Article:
I have been an angel for quite a few years now, and every year I try to look back and reflect over what I’ve learned during the journey, and how I’ve evolved.
Initially, the idea of being an angel was very romantic. The hope was that you could sign a cheque based on a dream which an entrepreneur sold to you on the back of a napkin, and you would then be able to discover the next Google. While this is a tempting fantasy, I’ve realised that it’s also exceptionally naïve.
Just getting cool ideas is not enough – implementing them is much harder. This is why I’m no longer so fussed about the idea itself. While I admire and respect creativity and innovation, I now realise that they are neither necessary nor sufficient for a startup’s success. Moonshot ideas are fun to read about, but extremely hard to pull off.
I’ve realised that it’s the entrepreneur who makes or breaks the company, and that if we can identify the right founders, our chances of succeeding will increase enormously.
Though we’ve become better at doing this, it’s still a time consuming, complicated exercise. In the past, we took pride in being able to sign a cheque quickly. Today, our mantra is we will say no quickly if the fit is not right, but we will take our time about saying yes. We need to make sure that we can trust the entrepreneur before handing over the money.
We’ve also realised that it’s important to double our bets when we think we have a winner. While we will not pull the plugs on the losers, we will not continue investing in them.
Finally, we think the best way of reducing our risks is to make sure that we invest in a company which has demonstrated traction. We are looking for founders who have paying customers, which means their product is mature. We are longer willing to fund just the idea – we want to fund the scaling up.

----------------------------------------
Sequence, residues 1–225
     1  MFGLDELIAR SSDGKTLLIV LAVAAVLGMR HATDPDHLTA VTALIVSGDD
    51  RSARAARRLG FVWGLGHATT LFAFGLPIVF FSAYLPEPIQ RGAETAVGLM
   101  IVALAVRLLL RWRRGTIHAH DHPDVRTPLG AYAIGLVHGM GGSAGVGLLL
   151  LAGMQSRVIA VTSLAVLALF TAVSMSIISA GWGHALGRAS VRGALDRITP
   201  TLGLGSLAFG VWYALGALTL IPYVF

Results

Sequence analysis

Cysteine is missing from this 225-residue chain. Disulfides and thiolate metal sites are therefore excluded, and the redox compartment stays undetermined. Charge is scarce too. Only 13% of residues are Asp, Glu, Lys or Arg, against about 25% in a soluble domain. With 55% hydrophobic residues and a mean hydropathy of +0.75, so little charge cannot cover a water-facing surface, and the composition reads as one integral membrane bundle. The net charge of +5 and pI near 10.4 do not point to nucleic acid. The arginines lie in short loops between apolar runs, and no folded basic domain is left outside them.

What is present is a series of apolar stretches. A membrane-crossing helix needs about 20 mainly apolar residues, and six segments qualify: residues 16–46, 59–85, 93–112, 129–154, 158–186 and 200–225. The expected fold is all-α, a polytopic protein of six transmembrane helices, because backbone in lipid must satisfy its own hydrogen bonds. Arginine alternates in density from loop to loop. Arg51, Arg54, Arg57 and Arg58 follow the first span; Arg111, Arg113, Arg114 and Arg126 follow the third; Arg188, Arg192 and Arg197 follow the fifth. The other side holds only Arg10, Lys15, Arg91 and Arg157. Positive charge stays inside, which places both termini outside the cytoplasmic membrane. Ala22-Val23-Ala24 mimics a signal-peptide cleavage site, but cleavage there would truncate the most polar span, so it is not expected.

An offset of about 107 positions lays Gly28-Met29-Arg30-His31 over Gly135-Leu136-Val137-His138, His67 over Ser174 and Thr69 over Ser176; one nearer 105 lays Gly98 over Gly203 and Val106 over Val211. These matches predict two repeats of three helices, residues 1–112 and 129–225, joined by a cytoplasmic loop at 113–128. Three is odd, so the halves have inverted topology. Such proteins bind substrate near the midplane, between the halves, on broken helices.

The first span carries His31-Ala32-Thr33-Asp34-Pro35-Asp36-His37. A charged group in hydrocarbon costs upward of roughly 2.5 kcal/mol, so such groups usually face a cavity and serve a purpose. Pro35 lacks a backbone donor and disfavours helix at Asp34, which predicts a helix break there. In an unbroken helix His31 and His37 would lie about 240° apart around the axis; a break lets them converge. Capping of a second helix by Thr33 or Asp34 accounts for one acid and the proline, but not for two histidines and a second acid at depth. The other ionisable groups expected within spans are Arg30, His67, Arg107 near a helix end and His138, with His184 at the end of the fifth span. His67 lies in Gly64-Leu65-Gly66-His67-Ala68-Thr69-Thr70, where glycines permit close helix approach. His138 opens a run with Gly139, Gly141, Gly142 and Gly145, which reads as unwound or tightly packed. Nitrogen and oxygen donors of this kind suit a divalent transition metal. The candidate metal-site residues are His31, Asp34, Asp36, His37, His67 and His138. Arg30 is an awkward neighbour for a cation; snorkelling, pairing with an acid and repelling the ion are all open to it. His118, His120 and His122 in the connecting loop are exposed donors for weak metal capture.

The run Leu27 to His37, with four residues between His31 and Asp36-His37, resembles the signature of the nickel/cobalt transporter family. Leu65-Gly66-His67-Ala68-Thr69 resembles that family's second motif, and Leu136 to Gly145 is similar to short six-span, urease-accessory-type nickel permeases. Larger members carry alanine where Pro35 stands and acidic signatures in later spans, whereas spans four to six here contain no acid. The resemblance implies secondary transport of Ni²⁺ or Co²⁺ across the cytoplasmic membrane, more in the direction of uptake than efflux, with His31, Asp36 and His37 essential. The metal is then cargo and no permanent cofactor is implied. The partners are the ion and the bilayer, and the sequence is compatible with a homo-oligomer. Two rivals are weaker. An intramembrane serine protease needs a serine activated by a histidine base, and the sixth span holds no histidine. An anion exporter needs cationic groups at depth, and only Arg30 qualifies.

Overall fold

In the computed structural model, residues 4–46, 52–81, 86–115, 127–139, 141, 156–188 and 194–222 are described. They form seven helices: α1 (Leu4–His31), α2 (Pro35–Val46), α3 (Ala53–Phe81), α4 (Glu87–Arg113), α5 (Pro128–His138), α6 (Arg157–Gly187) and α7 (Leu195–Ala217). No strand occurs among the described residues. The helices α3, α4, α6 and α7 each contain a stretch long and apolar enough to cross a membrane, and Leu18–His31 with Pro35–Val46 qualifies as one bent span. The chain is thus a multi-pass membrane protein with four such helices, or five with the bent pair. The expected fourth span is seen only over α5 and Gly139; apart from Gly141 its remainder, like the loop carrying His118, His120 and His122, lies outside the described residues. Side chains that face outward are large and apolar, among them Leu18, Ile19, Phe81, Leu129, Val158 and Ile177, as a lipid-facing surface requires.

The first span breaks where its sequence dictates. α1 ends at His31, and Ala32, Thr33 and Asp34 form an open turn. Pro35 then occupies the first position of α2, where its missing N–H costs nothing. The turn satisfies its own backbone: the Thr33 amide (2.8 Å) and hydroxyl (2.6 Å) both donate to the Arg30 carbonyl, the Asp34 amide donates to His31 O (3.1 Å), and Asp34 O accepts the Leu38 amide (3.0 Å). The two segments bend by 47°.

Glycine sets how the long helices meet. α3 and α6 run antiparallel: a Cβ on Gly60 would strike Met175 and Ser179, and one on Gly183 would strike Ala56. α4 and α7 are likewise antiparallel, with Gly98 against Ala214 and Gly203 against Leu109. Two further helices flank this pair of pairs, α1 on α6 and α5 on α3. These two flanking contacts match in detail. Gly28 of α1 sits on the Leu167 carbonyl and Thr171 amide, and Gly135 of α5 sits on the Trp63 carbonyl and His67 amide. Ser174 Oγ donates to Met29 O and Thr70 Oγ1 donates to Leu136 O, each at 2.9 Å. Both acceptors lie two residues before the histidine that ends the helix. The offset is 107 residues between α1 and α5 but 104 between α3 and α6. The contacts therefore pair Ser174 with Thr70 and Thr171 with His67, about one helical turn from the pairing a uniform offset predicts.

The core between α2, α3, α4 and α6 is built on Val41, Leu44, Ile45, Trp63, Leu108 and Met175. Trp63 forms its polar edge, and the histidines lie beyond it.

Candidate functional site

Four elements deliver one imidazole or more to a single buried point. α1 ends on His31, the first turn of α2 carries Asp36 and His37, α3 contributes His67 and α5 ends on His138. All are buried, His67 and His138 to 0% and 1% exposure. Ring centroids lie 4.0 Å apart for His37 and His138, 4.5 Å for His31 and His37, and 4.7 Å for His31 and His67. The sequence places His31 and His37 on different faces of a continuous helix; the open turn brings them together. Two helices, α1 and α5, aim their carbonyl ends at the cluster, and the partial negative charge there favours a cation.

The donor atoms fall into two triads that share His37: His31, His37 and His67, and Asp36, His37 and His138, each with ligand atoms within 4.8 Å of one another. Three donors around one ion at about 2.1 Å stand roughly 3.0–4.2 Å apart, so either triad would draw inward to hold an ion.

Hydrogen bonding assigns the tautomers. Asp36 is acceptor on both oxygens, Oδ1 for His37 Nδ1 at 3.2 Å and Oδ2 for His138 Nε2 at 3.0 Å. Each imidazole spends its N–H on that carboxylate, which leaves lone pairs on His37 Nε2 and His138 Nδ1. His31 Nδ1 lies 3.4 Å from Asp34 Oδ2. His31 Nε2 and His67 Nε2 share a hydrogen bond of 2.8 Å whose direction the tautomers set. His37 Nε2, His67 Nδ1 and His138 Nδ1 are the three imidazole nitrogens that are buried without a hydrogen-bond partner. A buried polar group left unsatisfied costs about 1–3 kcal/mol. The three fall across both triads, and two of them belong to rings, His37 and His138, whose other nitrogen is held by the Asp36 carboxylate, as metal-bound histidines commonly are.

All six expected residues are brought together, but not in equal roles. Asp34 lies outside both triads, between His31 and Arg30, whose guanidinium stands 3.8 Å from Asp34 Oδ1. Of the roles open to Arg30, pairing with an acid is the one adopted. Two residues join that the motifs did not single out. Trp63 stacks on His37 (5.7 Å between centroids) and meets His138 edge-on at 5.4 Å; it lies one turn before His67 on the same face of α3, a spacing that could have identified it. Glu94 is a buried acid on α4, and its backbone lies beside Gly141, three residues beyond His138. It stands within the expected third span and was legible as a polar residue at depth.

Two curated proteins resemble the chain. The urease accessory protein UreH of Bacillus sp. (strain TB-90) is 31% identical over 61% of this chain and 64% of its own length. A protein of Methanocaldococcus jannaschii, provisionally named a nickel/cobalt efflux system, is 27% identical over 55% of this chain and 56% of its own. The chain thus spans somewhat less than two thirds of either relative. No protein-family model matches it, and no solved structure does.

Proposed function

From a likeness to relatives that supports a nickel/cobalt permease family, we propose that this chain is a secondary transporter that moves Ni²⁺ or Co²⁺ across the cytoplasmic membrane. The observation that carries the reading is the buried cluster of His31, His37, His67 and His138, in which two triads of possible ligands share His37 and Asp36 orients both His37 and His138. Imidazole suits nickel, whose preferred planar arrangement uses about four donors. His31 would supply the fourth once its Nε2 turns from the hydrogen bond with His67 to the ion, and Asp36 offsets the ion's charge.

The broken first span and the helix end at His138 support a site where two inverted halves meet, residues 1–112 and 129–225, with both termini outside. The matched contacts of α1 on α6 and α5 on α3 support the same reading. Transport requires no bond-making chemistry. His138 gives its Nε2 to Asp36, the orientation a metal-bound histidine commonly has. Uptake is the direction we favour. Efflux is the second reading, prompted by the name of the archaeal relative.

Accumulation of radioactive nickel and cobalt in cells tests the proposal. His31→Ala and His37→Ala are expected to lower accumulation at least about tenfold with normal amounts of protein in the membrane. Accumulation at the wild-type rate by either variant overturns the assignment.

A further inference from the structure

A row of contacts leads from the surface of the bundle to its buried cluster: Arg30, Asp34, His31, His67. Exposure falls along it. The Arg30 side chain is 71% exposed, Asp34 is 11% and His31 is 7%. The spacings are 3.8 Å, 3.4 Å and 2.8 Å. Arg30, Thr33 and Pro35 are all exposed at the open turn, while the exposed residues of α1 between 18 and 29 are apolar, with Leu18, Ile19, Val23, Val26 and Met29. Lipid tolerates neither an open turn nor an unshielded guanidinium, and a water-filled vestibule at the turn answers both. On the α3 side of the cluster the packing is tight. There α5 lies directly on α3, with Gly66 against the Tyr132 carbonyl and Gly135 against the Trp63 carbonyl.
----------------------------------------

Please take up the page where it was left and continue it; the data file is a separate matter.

Does this mean we are boring and conservative because we are not willing to back an ambitious founder with a great idea? Yes, perhaps this is true – we cannot be the right funder for every founder who comes to is. After all, this is personal money I am investing, and I don’t have the deep pockets which a VC has.
The benefit is that our model allows us to be nimble and agile, and I can afford to be idiosyncratic in placing my bets, but it also means I have limits as to how much support I can provide. I think of our role as nurturing the startup until they are mature enough to hand off to a VC. who can then hold their hand from then on.
What about the possibility of striking it rich by backing the right founder ? I think this is a fantasy, and while I am not averse to hitting the jackpot, I am realistic enough to accept that the odds of my doing so are very slim. Now, this doesn’t mean that I am willing to throw my money away – it just means I am fine with being patient, and don’t think of angel investing as a “get rich quick” scheme.
The good news is that the Indian ecosystem is still growing, which means there is room for many players along the way to success, as the startup grows. Each one needs to identify what works best for them, so they don’t burn their fingers because they had unrealistic expectations.
[This post by Dr. Aniruddha Malpani first appeared on LinkedIn and has been reproduced with permission.]